(Patrick D. Rosso/Boston.com/2012)
Residents packed the Great Hall in Codman Square on Sunday for their chance to see the bountiful selection of produce, meats and homemade goods at the city’s first ever Winter Farmer’s Market.
The market, the brainchild of a group of Dorchester residents, was such a hit that vendors sold out before the event ended.
“This is so exciting,” said Yolanda Darnell, who was selling baked goods with her Dorchester-based company, Good Measure Bakery. “I’m very surprised by the turnout. We sold out of everything by 1:15 p.m. I’m going to make sure to be here every weekend, with twice the amount.”
Mayor Thomas M. Menino said the market was a nice complement to the city's many summer markets.
“We’ve been on the forefront of farmer’s markets,” said Menino, who cut the ribbon and picked up some grass-fed beef. “We hope to expand this throughout the city…and continue to promote it.”
Many on the side of the city were excited to see Boston host a winter market, something Cambridge and Somerville have been doing for year. But it was the customers who seemed the most excited to pick up good fresh produce right in their neighborhood.
“I think this is a great idea,” said Kit Binns, a 64-year-old technical writer from Dorchester, as he purchased Gouda cheese from the Foxboro Cheese Company. “This is especially helpful during the winter.”
Anne Stein, a 46-year-old real estate agent and Dorchester resident, also expressed excitement over a market close to her home that offers organic, locally grown produce.
“Anything that brings a new experience to the neighborhood is always welcome,” said Stein. “We’re a neighborhood that would love to have a Whole Foods. Finding good, organic food is few and far between.”
Organizers expressed happiness at seeing their hard work pay off.
“The success is so rewarding and it really shows how hungry our community is for healthy foods,” said Jenny Silverman, the project manager for the market. “There are a number of different things we were trying to accomplish with this market: provide easy access to healthy food, support the local economym, and create a gathering space for the community to meet.”
Local elected officials were also present to sample to the products, cut the ribbon and pick up a few ingredients for dinner.
“Clearly the community answered the question if we should have a winter farmer’s market,” said Representative Russell Holmes. “The community has shown that it wants this and I hope we can expand it to Saturday as well.”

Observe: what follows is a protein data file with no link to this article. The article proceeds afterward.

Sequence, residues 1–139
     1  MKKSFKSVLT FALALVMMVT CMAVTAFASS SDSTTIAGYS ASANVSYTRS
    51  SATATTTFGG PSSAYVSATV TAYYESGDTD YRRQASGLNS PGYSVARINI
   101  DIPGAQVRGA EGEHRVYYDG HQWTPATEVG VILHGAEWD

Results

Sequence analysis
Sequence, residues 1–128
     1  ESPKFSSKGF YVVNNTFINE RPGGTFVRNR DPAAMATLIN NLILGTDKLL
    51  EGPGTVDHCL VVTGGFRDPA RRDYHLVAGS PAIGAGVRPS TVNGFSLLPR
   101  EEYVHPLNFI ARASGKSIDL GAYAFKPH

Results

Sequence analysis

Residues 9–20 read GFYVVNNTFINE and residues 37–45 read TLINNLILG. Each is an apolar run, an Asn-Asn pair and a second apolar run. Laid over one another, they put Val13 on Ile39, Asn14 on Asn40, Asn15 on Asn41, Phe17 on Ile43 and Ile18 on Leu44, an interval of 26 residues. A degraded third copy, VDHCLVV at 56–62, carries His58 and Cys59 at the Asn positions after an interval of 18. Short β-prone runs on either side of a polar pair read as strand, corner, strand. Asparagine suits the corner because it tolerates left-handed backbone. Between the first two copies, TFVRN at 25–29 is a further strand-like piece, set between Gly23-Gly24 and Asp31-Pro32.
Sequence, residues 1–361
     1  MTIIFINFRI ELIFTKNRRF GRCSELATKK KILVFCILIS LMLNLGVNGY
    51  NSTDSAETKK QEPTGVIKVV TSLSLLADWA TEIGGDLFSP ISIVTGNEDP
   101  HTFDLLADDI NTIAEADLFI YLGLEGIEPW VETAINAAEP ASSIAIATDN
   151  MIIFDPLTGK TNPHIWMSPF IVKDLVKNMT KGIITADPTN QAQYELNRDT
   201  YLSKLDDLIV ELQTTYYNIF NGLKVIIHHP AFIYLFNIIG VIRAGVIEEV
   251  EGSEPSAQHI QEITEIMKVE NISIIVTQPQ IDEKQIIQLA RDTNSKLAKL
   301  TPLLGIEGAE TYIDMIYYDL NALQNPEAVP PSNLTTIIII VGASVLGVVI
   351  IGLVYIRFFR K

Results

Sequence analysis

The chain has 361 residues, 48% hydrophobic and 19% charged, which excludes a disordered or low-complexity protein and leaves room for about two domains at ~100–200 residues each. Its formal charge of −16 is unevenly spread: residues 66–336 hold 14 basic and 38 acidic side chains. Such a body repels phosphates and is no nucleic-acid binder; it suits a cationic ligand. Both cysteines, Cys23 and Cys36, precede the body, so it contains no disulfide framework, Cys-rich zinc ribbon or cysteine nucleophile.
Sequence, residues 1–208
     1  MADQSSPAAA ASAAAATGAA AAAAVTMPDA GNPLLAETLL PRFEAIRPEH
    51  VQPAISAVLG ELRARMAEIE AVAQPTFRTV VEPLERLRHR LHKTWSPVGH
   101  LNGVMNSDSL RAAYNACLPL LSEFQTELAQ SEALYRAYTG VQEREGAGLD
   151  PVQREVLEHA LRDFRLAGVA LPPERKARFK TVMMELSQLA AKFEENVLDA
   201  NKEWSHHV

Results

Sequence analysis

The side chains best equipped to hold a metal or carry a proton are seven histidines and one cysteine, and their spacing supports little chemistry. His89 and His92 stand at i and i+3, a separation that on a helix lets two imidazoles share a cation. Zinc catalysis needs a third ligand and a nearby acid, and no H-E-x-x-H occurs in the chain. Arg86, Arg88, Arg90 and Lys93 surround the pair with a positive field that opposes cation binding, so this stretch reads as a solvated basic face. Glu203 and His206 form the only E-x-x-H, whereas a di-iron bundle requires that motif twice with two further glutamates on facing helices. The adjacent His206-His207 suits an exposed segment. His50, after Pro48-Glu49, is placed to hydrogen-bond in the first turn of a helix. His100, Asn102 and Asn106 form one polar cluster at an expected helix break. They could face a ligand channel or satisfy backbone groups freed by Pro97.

District 4 City Councilor Charles Yancey also expressed excitement for his constituents getting better access to healthy food.
“There has always been a market for farmer’s markets in this area. I think this is definitely a step in the right direction for the city,” Yancey said.
That step in the right direction Yancey is referring to, is the city’s push to bring healthy food options to neighborhoods.
“This is a true community farmer’s market,” said Edith Murnane, who was named the city’s first ever food policy director in 2010. “It’s all about creating an environment where healthy, vibrant food is available all year round.”
Along with a push for more farmer’s markets and the city’sBounty Bucks program, which allows residents using the Supplemental Nutrition Assistance Program to double their money when they use their SNAP benefits at farmer’s markets, the city is also pushing for its urban agriculture program to take hold in some of the city’s neighborhoods.
The program, which is currently in the works, will look at ways to establish farms in urban centers around the city, to not only create an economical boost to the neighborhood but to also create more access to healthy foods.
Currently the city has been working on a pilot urban agricultural program which will set up the city’s first urban farms in Dorchester. The program received a boost in November when the Boston Zoning Commission approved the amendments to the zoning code to allow for urban farms on select city-owned property in Dorchester.
Although the program has many supporters in Dorchester and the rest of the city, the program has not been expanded past the pilot phase. However the city’s first Urban Agriculture Working Group, which was formed in early January, will hold its first vision meeting Jan. 30 to look at ways to expand the program across the city.
Even with the great success of the Winter Farmer’s Market, the city and community food advocates still have a lot of work ahead of them, but many were just excited to sit back and enjoy the fruits and veggies of their labor.
“There’s a lot of excitement around this new market and we hope it catches on,” said Silverman.
The Winter Farmer’s Market in Codman Square will run every Sunday from 12:00 p.m. – 3:00 p.m. until March.